This tumor is likely one of two types of tumor. One type doesn’t have to be removed and is a relatively common type of benign liver tumor. The other type is a rare type of liver tumor that is almost only seen in women around my age who take birth control. The tumor is a side effect of the birth control hormones (but a very rare side effect) and it would need to be removed. Because the tumor doesn’t present like how either of those types of tumors look, I have to do some more medical testing. But I did get a good laugh out of the fact that my tumor is not typical since it seems like all my medical issues present as atypical and I’d expect nothing less from this.

The surgeon I met with was really amazing. He was fine answering all my crazy questions I had and let me take pictures of the MRI images so that I could show them to my family. And he was explaining as much as possible about the tumor to me. It’s tough to explain it when he’s not sure what type of tumor it is, but he did his best. I’m really happy that this is the surgeon that I randomly got paired with to work with on this. Some doctors don’t understand my need to understand things as detailed as I do, but he was almost happy to find out that I want to know things and make educated decisions.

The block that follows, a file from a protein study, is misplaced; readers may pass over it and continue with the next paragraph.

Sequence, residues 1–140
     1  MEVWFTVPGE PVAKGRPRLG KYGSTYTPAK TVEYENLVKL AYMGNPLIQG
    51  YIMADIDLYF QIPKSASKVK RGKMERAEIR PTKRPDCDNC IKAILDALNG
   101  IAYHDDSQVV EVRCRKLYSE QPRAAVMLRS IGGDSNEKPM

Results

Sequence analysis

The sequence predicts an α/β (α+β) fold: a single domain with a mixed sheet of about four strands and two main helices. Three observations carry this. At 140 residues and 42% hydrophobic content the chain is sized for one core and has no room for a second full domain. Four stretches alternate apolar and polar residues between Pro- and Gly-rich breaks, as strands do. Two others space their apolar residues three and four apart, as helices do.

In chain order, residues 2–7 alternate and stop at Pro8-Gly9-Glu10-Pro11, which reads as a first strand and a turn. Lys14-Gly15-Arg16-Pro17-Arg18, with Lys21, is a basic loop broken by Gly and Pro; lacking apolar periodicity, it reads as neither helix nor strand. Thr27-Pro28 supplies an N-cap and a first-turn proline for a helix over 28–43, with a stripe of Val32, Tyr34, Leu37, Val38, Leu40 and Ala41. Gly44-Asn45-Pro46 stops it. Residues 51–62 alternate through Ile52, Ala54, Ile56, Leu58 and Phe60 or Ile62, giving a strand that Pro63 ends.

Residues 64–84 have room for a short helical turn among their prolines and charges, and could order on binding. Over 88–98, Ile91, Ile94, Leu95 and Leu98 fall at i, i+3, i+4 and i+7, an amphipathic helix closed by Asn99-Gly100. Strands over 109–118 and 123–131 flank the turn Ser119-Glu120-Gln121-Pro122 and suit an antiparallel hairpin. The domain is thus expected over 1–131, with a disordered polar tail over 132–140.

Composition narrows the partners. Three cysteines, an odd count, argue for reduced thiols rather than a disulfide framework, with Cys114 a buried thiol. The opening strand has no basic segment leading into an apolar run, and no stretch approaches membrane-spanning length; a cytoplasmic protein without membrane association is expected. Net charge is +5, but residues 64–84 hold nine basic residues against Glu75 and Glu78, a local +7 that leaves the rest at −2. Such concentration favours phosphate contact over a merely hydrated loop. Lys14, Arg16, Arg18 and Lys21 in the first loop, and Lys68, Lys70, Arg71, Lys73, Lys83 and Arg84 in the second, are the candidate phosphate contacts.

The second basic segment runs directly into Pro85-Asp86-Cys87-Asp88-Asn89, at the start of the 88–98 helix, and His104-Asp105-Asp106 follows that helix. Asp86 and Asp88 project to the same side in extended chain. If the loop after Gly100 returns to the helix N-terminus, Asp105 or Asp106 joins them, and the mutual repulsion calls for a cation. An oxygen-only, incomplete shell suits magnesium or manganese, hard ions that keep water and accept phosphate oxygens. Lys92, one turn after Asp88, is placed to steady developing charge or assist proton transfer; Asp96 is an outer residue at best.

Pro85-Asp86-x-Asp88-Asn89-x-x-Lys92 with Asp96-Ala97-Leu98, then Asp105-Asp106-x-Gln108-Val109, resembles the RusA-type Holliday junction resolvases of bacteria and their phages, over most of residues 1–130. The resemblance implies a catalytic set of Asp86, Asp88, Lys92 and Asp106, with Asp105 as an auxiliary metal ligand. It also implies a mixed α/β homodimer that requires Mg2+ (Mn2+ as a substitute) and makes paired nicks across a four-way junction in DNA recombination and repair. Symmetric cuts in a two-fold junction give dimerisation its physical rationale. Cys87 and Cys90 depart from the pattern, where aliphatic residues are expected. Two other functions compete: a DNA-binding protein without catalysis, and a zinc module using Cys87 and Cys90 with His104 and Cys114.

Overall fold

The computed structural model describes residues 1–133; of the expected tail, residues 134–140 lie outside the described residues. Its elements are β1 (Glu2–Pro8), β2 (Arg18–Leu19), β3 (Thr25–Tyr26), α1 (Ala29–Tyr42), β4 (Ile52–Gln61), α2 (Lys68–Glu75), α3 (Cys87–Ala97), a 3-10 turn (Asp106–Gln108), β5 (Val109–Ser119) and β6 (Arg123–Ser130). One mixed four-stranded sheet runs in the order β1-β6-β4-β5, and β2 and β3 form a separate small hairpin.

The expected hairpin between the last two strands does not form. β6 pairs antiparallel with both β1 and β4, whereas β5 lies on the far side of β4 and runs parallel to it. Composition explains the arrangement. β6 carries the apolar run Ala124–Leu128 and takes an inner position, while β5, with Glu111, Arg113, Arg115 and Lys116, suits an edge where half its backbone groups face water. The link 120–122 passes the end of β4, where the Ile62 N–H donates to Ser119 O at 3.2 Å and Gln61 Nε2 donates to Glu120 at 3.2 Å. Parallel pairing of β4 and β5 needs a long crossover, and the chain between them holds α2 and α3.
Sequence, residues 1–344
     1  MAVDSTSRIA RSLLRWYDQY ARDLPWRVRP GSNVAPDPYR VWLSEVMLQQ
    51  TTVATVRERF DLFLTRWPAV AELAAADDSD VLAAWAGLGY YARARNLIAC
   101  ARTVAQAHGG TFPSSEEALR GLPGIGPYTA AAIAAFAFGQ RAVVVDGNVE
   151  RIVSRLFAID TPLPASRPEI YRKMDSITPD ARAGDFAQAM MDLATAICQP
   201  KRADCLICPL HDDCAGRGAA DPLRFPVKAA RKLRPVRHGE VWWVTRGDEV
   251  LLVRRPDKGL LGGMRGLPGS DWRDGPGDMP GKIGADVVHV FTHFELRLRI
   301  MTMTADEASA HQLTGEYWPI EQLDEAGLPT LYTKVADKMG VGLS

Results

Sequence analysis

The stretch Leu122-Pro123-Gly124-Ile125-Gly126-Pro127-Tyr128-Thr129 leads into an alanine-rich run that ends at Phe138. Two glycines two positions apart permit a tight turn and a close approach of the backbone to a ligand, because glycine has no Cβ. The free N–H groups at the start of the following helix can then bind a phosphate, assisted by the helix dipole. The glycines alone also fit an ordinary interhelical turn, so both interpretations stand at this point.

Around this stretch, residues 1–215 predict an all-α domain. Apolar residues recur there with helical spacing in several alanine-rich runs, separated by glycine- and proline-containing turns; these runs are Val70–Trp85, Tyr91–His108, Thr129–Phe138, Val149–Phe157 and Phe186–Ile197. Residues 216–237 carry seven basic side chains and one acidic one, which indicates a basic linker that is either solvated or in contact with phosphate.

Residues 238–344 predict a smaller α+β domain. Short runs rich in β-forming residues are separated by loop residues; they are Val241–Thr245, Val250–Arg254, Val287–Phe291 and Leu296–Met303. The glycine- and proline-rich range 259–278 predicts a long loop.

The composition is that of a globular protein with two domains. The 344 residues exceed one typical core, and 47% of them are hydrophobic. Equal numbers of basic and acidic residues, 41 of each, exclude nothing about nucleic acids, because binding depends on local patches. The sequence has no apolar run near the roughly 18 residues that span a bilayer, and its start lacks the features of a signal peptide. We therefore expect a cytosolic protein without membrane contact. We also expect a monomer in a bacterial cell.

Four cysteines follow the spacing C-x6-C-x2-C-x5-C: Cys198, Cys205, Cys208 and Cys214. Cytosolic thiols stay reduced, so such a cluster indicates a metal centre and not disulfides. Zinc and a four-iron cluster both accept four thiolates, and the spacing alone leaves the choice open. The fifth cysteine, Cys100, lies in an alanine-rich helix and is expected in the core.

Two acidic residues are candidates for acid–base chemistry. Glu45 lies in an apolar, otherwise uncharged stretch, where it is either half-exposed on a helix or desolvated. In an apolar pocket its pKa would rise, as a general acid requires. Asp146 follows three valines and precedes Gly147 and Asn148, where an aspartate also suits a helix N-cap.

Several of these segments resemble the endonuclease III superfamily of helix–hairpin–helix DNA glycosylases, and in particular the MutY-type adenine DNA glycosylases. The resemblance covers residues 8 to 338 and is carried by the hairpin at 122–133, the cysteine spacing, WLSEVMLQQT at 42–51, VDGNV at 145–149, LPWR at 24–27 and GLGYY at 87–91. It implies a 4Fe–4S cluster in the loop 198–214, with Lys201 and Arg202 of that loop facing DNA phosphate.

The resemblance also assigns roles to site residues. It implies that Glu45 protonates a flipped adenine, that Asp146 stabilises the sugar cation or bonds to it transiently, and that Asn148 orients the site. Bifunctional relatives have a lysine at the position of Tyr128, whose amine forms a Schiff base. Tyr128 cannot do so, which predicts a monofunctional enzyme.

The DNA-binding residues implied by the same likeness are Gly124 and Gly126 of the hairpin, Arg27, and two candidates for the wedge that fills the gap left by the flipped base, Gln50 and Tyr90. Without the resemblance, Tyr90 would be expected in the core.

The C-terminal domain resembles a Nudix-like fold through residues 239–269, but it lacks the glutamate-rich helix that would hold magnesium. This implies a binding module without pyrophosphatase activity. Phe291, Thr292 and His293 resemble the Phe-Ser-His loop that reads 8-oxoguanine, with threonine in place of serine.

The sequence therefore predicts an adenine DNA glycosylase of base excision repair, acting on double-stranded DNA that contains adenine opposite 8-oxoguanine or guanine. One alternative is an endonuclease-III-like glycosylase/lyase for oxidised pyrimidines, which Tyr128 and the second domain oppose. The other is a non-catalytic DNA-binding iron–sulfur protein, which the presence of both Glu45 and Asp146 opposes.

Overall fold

While I was hoping that at this appointment I would get a proper diagnosis, plan, and find out if I need surgery; I’m ok with this just being the first step in whatever this journey ends up being. It’s going to either be something to monitor for the rest of my life or be a surgery sometime next year so I’m not in a rush. I want to make sure everything is understood before decisions are made and that’s what’s happening. I’m hoping I’ll have the additional testing (which will be another MRI and possibly one more test) in the next week so that I can have some better answers by Thanksgiving. That way I can discuss things with my parents in person (they help me make all major medical decisions since they worked in that field).